Figures from the leading medical indemnifier of UK GPs, the Medical Defence Union (MDU), show that around 40% of its GPs members are retiring before age 60.
In 2017, 39% of MDU GP members retiring did so before the age of 60, compared to 21% in 2011. The average age at which GP members retired in 2017 was 62 compared to 65 in 2011.
A recent MDU survey of over 900 GPs found a third were thinking of considering leaving the profession or retiring over the increased costs of indemnity caused by the rising cost of compensation payments.
Dr Matthew Lee MDU professional services director said:
"These figures are really worrying. At a time when NHS general practice is under unprecedented pressure, to see GPs retiring early or considering leaving general practice altogether can only make the problem worse.
"GPs (unlike hospital doctors) must pay for their own indemnity and with medical claims inflation rising at 10% a year, this is getting prohibitively expensive and becoming a workforce problem. The cost of indemnity is hurting them and making it harder to provide services to patients.”
Government figures show there is already a shortfall in the number of GPs. The full-time equivalent GP workforce fell by 445 in the three months to December 2016*.
The government plans to introduce state-backed indemnity for primary care in England in the next 10-16 months. In response, the MDU has introduced half price subscriptions and transitional benefits of membership to help GPs stay in practice while discussions are ongoing with the government about the details of the new scheme.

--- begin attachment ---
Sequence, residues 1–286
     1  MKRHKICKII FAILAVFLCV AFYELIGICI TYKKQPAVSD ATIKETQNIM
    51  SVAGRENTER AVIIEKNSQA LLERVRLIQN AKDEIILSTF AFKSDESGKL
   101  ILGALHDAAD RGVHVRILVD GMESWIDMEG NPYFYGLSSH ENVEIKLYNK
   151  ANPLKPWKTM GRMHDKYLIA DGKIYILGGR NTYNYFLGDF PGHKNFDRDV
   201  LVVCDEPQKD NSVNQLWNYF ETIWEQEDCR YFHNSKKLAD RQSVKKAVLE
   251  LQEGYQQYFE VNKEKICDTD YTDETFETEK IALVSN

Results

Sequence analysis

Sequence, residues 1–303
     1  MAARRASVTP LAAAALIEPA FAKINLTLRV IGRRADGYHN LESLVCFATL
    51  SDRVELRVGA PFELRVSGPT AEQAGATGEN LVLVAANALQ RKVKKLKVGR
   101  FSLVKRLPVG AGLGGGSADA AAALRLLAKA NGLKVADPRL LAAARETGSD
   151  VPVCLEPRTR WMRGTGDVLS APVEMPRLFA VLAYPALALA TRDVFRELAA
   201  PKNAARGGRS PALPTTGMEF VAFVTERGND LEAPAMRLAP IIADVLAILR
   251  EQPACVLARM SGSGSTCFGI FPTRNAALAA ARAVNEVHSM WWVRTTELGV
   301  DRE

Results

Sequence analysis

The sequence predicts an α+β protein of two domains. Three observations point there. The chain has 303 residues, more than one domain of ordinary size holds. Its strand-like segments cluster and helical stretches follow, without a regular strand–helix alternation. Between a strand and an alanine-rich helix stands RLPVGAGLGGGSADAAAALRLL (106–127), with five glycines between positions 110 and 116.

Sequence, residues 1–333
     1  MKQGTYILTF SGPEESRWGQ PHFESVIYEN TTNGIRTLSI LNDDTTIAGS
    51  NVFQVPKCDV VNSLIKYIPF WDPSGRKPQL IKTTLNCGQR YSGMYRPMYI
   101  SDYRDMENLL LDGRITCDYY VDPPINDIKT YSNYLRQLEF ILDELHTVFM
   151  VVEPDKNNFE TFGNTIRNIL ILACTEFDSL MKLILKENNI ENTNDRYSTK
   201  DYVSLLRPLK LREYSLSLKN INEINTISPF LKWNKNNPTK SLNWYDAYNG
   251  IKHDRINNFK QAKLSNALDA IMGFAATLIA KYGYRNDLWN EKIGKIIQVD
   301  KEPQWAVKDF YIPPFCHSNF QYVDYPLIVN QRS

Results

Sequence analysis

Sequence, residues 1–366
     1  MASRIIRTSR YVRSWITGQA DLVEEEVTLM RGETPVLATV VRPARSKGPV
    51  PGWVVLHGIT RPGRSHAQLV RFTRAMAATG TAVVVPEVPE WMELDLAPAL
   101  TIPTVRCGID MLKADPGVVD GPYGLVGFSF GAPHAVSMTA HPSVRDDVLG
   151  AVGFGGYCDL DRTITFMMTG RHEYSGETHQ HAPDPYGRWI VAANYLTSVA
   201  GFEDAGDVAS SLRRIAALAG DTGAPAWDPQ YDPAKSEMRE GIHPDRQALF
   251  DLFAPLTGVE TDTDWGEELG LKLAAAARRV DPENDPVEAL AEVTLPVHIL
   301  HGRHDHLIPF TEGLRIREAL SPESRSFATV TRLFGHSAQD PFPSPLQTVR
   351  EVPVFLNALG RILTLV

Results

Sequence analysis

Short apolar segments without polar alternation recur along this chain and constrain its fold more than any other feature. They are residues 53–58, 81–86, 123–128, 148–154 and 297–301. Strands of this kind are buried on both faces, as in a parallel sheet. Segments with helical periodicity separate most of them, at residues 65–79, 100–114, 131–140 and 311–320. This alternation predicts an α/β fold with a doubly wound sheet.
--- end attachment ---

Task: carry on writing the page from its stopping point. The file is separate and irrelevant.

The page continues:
Dr Lee continued:
"Crucially as well as paying for future claims, the state-backed scheme must pick up historic liabilities, as happened when NHS indemnity was introduced for hospital doctors in 1990. This will ensure a smooth transition.
“GPs should not be left paying for the current indemnity crisis which is not of their making. While the MDU’s transitional benefits are providing a chance for GPs to stay in practice for longer, ultimately the government needs to ensure a state-backed scheme is introduced within the timescale set-out and must pick up historic liabilities.”
* General and Personal Medical Services, England December 2016, Provisional Experimental statistics, NHS Digital, 29 March 2017
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